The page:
By Sharna Johnson: Freedom New Mexico
By Sharna Johnson
CNJ STAFF WRITER
“There she is,” Dawn Smith remembers hearing as her neighbor’s young daughter pointed at a blue van driving down North Oak street in front of their home.
“Bless their hearts, they took off after her,” she recalled, describing how, like a flash, neighbors were running after the van, one man jumping in his car to follow it.
Seconds later the van was stopped in the road a block away, blocked by the man’s vehicle.
Only moments before, the Smith family had sought out neighbors to find out if anyone had seen anything odd.
They had returned from an afternoon outing at the park to find their front door wide open and belongings in disarray — victims of a burglary.
As she approached the van, Smith was on the phone with dispatchers and saw her belongings through the windows.
Later, police “pulled out gobs of jewelry that was in her pockets and it was all mine,” she said.
The woman told police she knew Smith and had purchased all the items in her van and pockets from her.
“She keeps telling them that it’s hers and I kept saying, ‘those are my things’,” she said.
“I didn’t know who she is and why she picked our home or anything.”
The Smiths are still waiting to get their belongings back from police, who seized them Wednesday as evidence. Police arrested Denise Apodaca Sena, the woman in the van, on charges of breaking and entering and possession of stolen property.
She is being held on $10,000 bond, jail officials said.
Smith is hopeful her grandmother’s wedding and engagement ring, brought back from France by her grandfather in World War II, and the keepsakes she was saving for her son from his deceased father are among the items police have collected.
And Smith had to make a last minute run to the store Friday to replace a stolen freezer drawer full of meat intended for her 8-year-old son’s birthday barbecue this weekend.
The feeling of being invaded and vulnerability are undoubtedly present. But the most pervasive feeling of all is wondering how a woman was able to pull a van in her driveway in the middle of the day, take boxes from the porch she was saving for a yard sale and walk out the front door with box after box of her family’s possessions — without arousing suspicion.
“They just pulled up in the driveway and just loaded up their car straight out the front door… And just why she would drive back by, I have no idea,” she said, explaining police believed there was an accomplice, who was never found.
“It’s just upsetting to know that this happened in broad daylight. We know all our neighbors.”
Though thankful for the help neighbors gave in apprehending the suspect, and especially for the attentive little girl who remembered seeing the strange vehicle in their driveway, Smith said the incident has made her realize how important it is to know your neighbors and work together to keep the neighborhood safe.
Now she plans to get better acquainted with them at her son’s birthday party this weekend and talk about schedules, contact information and routines so that they can all be more aware when something isn’t right.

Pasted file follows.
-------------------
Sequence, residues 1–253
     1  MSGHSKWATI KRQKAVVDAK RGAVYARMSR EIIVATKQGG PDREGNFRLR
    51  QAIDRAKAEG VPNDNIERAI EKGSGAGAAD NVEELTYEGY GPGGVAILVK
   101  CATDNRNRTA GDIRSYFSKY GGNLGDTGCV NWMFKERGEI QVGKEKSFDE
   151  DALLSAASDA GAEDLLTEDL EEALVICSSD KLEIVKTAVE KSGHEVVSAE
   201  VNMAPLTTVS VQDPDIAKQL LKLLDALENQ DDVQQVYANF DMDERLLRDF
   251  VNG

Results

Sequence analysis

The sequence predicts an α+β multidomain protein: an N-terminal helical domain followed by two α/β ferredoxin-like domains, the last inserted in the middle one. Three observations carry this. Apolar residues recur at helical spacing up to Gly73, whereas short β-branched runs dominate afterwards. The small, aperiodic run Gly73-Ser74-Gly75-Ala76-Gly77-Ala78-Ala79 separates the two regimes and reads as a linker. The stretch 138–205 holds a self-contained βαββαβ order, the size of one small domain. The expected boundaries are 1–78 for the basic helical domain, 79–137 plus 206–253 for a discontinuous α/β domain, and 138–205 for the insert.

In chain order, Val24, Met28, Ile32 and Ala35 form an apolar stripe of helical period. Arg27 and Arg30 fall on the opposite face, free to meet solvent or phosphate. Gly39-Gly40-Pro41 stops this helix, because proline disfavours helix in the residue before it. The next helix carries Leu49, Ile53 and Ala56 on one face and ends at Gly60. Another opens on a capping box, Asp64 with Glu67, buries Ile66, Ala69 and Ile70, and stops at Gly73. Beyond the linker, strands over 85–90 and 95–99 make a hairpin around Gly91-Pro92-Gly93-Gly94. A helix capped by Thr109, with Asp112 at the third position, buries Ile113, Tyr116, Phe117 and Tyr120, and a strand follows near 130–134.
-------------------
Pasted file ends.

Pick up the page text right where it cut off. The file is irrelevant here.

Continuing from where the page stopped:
The importance of neighborhood watch groups is something police have been stressing for sometime, encouraging neighbors to get to know one another and report suspicious activity in their neighborhoods.
Burglaries are one of those crimes that ebb and flow in the community. One ring of thieves surfaces and hits houses until they are caught, creating spikes and dips until another group crops up to take its place, said Capt. Patrick Whitney.
Clovis police have a community relations officer whose job it is to meet with neighborhoods who are interested and help them form groups.
In Portales, Capt. Lonnie Berry said his department also has officers assigned to meet with residents and guide them through the process of setting up watch groups.
After a rash of home invasions last summer, Berry said several neighborhoods organized watches. Now the area is experiencing lower-than-average burglary numbers.
Police encourage residents to report suspicious activity, such as strange vehicles driving through slowly, people asking unusual questions in the neighborhood, suspicious door-to-door sales people, and even barking dogs. Because police know, “If a dog’s barking that doesn’t typically bark, there’s a reason for it,” Berry said.
Together, with attentiveness to out of the ordinary things and quick reporting, neighborhoods can prevent crime, he said.
Tips to prevent burglaries:
• Be aware of vehicles and people who belong to your neighborhood. Report things that are out of the ordinary: People asking strange questions, vehicles driving by slowly or parking and staying in their vehicles, suspicious salespeople.
• Excessively barking dogs that otherwise don’t bark can be a sign something isn’t right.
• Install bright lights around your house or motion triggered lights to decrease shadows that give burglars an advantage.
• Avoid planting shrubs, trees or placing other items near windows and doors. They provide burglars protection from view and easier access to your home.
• Talk to your neighbors and get to know them. If you’re comfortable with them, talk about unusual work habits, people that shouldn’t be at your home or other things that can assist in making your neighborhood a safer place.
• Find neighbors who are interested in starting a neighborhood watch and contact your police department to help you get started.